not rejecting the possibility out of hand, Henley avers that
either wrongheaded and wrong for the US to go to war to topple
the present Royal Family or it isn't, regardless of who pays
tell you why I spend an entire column "running on"
about this topic, Jim: because, contrary to what you seem
to believe, it matters a whole lot when very rich and politically
powerful people try to get the US government to do their bidding.
For example, as Murray
Kolko, and others have shown, the "progressive
era" reforms of the nineteenth century were initiated
and supported by large corporations for the purpose of keeping
out competition. In short, the various corporate clans
Rockefeller, Morgan, etc., including both the
"Yankees" and the "Cowboys" of
the American business community have not exactly been
shy in using State power to achieve their ends, both at
home and abroad.
the case of the Panamanian "revolution" of 1903,
in which the "founding fathers" were the members
of an American financial syndicate. As Rothbard points out
Street, Banks, and American Foreign Policy:
Panama Canal Company's lobbyist, Morgan-connected New York
attorney William Nelson Cromwell, literally sat in the White
House directing the 'revolution'
and organizing the final settlement. We now know that, in
1900, the shares of the old French Panama Canal Company were
purchased by an American financial syndicate, headed by J.
P. Morgan & Co., and put together by Morgan's top attorney,
Francis Lynde Stetson. The syndicate also included members
of the Rockefeller, Seligman, and Kuhn, Loeb financial groups…"
these shares, after the US-engineered "revolution,"
at double the price as the Panama Canal project was revived,
made a number of very well-connected people including
Teddy Roosevelt's brother-in-law quite rich. Were the
corporate connections of the Panamanian "revolutionaries"
irrelevant to the course of events in 1903? No more so than
the machinations of US oil companies in the Middle East today
in other words, the corporate connection is highly
in the context of the history of our involvement in the Middle
East, practically nothing else is at all relevant.
For why else are US troops in Saudi Arabia? There is, after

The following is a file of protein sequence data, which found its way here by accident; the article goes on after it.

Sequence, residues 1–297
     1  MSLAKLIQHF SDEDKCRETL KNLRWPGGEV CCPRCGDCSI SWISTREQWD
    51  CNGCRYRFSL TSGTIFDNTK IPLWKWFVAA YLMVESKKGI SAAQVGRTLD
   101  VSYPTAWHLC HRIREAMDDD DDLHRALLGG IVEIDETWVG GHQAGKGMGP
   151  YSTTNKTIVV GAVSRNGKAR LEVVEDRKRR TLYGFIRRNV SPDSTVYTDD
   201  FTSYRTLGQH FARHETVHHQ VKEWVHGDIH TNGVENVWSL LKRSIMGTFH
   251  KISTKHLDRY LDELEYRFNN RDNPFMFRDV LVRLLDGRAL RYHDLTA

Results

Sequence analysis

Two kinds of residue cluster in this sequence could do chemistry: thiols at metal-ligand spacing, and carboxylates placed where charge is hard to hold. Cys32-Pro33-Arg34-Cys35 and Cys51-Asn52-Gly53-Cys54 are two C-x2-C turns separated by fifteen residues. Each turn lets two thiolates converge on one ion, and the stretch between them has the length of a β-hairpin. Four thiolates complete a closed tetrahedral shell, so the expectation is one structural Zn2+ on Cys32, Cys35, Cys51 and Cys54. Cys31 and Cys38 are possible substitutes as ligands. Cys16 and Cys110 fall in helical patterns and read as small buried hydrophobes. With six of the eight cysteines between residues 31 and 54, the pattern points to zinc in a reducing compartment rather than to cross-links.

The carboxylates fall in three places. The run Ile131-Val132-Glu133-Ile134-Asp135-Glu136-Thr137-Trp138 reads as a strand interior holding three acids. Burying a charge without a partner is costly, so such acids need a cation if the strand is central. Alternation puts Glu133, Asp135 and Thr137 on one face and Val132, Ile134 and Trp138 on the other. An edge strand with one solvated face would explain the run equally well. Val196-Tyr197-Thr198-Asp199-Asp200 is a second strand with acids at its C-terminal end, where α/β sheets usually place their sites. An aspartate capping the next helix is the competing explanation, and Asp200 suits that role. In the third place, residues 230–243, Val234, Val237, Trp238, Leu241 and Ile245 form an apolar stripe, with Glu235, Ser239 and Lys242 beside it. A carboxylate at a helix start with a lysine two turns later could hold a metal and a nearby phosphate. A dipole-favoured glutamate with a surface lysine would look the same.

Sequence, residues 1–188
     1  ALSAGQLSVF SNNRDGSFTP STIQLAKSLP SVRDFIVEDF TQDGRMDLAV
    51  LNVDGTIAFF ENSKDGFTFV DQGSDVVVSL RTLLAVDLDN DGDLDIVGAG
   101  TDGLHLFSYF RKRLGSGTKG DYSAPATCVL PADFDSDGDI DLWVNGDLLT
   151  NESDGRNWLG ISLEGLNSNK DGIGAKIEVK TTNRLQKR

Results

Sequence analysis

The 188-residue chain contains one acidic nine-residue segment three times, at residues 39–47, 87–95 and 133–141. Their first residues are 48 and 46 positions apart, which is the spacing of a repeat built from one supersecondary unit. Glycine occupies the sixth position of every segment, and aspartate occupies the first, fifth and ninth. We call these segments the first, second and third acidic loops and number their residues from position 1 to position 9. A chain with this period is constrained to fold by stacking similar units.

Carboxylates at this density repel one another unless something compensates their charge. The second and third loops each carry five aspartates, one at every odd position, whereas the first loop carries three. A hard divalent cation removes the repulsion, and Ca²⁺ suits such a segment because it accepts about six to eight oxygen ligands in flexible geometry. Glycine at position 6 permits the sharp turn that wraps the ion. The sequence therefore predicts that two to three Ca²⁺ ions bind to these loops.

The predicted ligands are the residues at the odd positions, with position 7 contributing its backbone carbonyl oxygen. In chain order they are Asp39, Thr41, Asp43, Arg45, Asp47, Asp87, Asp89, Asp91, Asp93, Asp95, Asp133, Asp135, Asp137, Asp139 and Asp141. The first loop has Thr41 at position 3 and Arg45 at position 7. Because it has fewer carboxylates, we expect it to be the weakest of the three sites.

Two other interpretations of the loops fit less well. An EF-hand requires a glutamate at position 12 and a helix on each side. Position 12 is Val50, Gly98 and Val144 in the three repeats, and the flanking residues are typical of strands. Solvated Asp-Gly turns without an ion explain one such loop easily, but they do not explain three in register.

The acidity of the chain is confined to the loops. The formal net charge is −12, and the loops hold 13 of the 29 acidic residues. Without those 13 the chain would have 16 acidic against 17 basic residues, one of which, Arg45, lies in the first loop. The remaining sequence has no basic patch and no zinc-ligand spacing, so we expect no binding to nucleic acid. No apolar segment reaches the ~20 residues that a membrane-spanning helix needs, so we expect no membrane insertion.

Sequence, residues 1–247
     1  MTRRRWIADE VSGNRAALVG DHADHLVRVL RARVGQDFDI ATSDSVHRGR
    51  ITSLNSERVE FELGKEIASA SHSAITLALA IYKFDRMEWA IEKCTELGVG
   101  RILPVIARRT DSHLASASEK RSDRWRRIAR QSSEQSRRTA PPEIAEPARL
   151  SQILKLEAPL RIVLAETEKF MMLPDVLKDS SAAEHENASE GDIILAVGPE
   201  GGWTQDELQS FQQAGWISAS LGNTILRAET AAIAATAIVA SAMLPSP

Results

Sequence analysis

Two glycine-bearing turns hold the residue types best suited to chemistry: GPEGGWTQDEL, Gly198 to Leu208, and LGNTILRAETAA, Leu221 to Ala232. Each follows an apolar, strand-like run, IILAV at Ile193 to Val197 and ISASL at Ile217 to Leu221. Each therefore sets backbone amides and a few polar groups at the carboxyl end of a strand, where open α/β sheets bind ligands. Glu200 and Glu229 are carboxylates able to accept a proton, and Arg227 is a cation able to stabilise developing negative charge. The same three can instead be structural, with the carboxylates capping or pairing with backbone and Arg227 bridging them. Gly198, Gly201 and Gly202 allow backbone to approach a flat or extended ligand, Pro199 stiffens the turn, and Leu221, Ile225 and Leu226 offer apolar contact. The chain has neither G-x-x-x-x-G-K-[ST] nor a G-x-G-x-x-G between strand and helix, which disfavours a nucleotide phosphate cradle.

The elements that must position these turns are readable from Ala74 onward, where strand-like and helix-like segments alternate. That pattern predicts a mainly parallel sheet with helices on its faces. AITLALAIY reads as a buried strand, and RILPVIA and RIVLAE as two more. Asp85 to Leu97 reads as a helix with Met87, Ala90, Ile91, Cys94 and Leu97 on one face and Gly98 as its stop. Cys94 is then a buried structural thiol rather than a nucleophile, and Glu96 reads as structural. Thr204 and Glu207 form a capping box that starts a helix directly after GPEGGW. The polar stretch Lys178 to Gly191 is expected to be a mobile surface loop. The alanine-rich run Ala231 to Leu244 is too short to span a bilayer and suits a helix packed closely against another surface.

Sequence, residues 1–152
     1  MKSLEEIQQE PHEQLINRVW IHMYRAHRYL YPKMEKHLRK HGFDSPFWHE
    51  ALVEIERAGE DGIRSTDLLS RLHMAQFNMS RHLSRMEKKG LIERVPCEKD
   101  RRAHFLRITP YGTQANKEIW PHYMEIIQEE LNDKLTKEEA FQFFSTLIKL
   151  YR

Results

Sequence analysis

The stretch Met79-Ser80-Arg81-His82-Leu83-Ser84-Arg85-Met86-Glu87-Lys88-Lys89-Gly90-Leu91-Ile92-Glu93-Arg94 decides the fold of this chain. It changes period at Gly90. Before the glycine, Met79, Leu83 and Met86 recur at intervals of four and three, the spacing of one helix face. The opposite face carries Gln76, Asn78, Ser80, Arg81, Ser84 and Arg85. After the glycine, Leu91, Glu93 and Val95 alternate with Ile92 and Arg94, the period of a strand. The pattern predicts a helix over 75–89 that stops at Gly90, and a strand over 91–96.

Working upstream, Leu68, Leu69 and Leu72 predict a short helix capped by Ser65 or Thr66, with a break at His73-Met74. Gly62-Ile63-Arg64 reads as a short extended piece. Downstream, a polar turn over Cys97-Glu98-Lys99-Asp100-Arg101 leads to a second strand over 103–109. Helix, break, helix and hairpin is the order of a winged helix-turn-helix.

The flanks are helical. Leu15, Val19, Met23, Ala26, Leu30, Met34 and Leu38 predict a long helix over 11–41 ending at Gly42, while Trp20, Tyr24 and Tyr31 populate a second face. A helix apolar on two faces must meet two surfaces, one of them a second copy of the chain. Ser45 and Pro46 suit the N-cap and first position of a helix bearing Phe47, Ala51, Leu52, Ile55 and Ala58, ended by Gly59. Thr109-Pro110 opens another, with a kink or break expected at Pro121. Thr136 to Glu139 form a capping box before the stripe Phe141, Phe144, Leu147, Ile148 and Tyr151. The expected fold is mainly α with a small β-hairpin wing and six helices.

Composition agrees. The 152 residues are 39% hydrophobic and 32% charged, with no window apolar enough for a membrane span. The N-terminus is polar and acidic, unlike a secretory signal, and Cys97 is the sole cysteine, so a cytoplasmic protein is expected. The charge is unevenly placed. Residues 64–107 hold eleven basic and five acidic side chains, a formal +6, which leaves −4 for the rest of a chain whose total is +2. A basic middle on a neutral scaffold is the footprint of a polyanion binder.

all, no oil shortage: far from it, the world is swimming
in the stuff, which is one reason why the Saudis are in
a bit of financial trouble. So it isn't access to oil, per
se, that our American centurions are guarding, but the
access of certain American corporate entities to Saudi oil
profits, to which they have become rather accustomed over
FOR THE DOORS?
right wingers start with the Rockefeller talk," smirks
Henley, "everyone else heads for the exits." Not
quite everyone: a lot of leftists and plain old populists
are prone to prick up their ears at this kind of talk. Yet
this merely points to the utter uselessness of conventional
"left-right" distinctions: one doesn't have to be
a Marxist to understand how and why corporate power is often
rooted in government power. Surely libertarians, who see government
as the sole source of monopolistic privilege, should be the
first to see the corporate connection to policymaking.
the Left, however, libertarians see that the problem is not
the nature of capitalism but of government. Instead
of nationalizing industries in the name of "the people"
(i.e. certain people), libertarians call for the complete
separation of economy and state. The whole ostensibly "leftist"
analysis of the "war on terrorism" that this
is a "war for oil" actually confirms the
libertarian insight into the role of the State in world affairs.
But the Left cannot explain the subtleties of that policy,
blinded as it is by its cultural and political prejudices:
they are clueless when it comes to the reasons for the US-Saudi
rift. And so, I might add, are most conservatives, even those
with libertarian sympathies.
IDLE PRINCES OF ARABY
goes on to cite a correspondent who points out that Aramco,
the company originally granted a monopoly franchise on oil
production by the Saudi monarchy, is state-owned, and is now
known as Saudi Aramco:
is to say, [owned by] lots of little princes. Abdullah announces
in 1998 that he wants to open it up to competition, which
is to say, make things rough for hundreds of trust fund babies
in the kingdom. Someone might have to earn a living! Might
some of those princes decide to play footsie with, oh, al
begin with, as
I pointed out in my original column on this subject,
the phony "nationalization" of the 1970s left the
Rockefeller-controlled Aramco consortium as the "managers"
of the operation, and these companies still received the lion's
share of Saudi oil. Their monopoly on production, refining,
and marketing was unbroken until very recently, when
Crown Prince Abdullah announced that it was high time the
Saudi kingdom liberalized its economic policies.